Unfortunately, less than a week into our Europe Trip 2015, and move out stress and missing dry cleaning has not been the only stumbling block my mother and I have faced. I have planned almost a full 30 days of travel for us, wherein we are expected to visit (not including departure from France) six different countries. We have lodgings booked for about eight different cities, and will probably make day trips to several more. It has been very difficult (but rewarding when it works out) to plan this, as some of the places we are visiting are less well connected than your typical Western European countries. Additionally, we decided to rely solely on Airbnb for this trip. I introduced my mom to the concept when she came to visit me during my Paris study abroad and she has enjoyed using it ever since. It is a great way to save money, especially when you have a kitchen to cook your own food and can find a place with a laundry machine rather than sitting around in a laundromat all day.
Because of the travel complications we expected to hit some bumps in the road. (Last time, after my study abroad, went relatively smoothly except for a couple delayed planes and a missed train back to London. Oops, I didn’t know the line would be that long, sorry mom!) Unfortunately, our first bump was hit much sooner that anticipated and was much different that either of us had expected.
Dry cleaning is never an enjoyable task. Not only is it expensive but you’re also stuck without clothes you may need for several days if you don’t plan properly. However, sometimes it must be done. I have several items in my closet, many passed down from my mother, that cannot go in the washer and dryer. Generally I am able to wear them more than several times before they need to be cleaned. But eventually it needs to be : a spill, a smell, or they just start to lose their shine and I know it’s time to cough up the big bills.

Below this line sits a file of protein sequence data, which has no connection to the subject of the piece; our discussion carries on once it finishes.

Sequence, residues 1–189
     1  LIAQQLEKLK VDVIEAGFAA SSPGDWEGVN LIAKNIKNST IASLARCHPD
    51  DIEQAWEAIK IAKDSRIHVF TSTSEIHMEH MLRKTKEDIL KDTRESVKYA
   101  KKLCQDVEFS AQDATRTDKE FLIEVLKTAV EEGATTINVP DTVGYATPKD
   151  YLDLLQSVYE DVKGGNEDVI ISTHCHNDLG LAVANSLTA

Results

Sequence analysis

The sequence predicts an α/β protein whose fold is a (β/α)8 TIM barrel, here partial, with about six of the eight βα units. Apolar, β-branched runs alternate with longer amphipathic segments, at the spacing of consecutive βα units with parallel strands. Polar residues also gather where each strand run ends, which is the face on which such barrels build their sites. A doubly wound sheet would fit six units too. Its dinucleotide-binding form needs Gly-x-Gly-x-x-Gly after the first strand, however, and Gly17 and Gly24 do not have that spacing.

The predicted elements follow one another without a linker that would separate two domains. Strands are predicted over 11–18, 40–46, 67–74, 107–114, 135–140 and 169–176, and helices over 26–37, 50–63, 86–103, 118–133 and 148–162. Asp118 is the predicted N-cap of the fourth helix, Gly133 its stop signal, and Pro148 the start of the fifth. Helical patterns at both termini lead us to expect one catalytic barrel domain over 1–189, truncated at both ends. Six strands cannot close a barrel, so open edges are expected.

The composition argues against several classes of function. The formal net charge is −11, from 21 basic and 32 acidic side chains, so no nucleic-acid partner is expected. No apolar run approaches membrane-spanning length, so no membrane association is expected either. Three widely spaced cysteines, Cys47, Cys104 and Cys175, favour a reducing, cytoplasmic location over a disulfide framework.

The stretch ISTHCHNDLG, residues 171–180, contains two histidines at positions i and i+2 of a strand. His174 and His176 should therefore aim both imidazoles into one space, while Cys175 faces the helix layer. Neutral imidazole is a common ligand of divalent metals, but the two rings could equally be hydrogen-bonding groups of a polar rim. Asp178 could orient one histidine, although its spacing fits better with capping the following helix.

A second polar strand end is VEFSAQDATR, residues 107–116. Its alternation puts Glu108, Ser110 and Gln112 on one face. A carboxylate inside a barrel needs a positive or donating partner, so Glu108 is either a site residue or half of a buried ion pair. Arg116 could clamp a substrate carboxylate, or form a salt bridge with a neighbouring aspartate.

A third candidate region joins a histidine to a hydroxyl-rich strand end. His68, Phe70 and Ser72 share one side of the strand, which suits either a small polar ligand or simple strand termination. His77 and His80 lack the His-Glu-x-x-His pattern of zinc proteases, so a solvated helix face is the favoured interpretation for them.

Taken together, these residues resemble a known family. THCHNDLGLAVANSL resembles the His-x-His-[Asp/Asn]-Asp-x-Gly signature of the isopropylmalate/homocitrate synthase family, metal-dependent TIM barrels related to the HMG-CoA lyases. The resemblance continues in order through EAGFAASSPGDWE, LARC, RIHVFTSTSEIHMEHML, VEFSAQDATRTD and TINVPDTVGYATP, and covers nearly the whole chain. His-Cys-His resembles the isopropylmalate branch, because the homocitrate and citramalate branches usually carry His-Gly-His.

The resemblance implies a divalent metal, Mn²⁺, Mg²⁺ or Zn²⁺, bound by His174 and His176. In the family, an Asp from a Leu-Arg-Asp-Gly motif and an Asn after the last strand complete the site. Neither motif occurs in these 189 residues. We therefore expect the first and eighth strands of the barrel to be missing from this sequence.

After several summers at overnight camp, four years away for university, and two separate trips to live abroad, you would think I’d be an old hand at the whole saying goodbye business. Even if that’s true though and I am, I don’t think any amount of experience will ever make it easier, especially when it comes to saying goodbye to family and other loved ones. Continue reading
Three months, three SIM cards, three different unlocking attempts and I’ve finally hit gold! Okay, maybe not gold, but it sure feels like it because I finally, finally have a decent working phone (that can actually be used as a phone)!
Why did it take so long? Well, I suppose I am partially to blame due to my fair share of procrastination and refusing to make a final decision (read: choose which option was most likely to succeed and thus most worthy of my money). I do not, however, deserved the entirety of the blame. Let me sum up for you how this long, frustrating phone journey has played out over these glorious three months. Continue reading
No, that is not some horrible misspelling of Friendsgiving (if it was I think I’d have to immediately resign as an English teacher and do so in complete and utter disgrace). Rather, it is my still quite pathetic but at least slightly less embarrassing attempt at combining french, friends, and thanksgiving into one, all-encompassing word. Much harder than I expected. Luckily, however, the event itself was a much larger success in practice than the word mash was. Continue reading